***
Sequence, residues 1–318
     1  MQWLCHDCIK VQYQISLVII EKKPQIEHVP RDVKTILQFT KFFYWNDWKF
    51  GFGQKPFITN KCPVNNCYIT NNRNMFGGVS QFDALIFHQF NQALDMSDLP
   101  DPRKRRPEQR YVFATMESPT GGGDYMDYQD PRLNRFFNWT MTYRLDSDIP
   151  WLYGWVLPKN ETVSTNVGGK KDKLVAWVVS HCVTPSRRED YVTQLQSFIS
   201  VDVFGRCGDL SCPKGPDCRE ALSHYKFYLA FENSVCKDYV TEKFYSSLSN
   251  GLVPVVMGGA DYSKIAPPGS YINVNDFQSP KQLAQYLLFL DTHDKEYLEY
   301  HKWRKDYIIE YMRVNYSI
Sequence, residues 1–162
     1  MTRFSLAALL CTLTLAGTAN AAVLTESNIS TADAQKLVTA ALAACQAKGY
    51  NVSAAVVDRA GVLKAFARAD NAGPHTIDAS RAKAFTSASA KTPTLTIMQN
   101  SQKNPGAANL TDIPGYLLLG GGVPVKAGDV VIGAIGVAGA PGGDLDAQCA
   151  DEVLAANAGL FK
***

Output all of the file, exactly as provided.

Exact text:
Sequence, residues 1–318
     1  MQWLCHDCIK VQYQISLVII EKKPQIEHVP RDVKTILQFT KFFYWNDWKF
    51  GFGQKPFITN KCPVNNCYIT NNRNMFGGVS QFDALIFHQF NQALDMSDLP
   101  DPRKRRPEQR YVFATMESPT GGGDYMDYQD PRLNRFFNWT MTYRLDSDIP
   151  WLYGWVLPKN ETVSTNVGGK KDKLVAWVVS HCVTPSRRED YVTQLQSFIS
   201  VDVFGRCGDL SCPKGPDCRE ALSHYKFYLA FENSVCKDYV TEKFYSSLSN
   251  GLVPVVMGGA DYSKIAPPGS YINVNDFQSP KQLAQYLLFL DTHDKEYLEY
   301  HKWRKDYIIE YMRVNYSI
Sequence, residues 1–162
     1  MTRFSLAALL CTLTLAGTAN AAVLTESNIS TADAQKLVTA ALAACQAKGY
    51  NVSAAVVDRA GVLKAFARAD NAGPHTIDAS RAKAFTSASA KTPTLTIMQN
   101  SQKNPGAANL TDIPGYLLLG GGVPVKAGDV VIGAIGVAGA PGGDLDAQCA
   151  DEVLAANAGL FK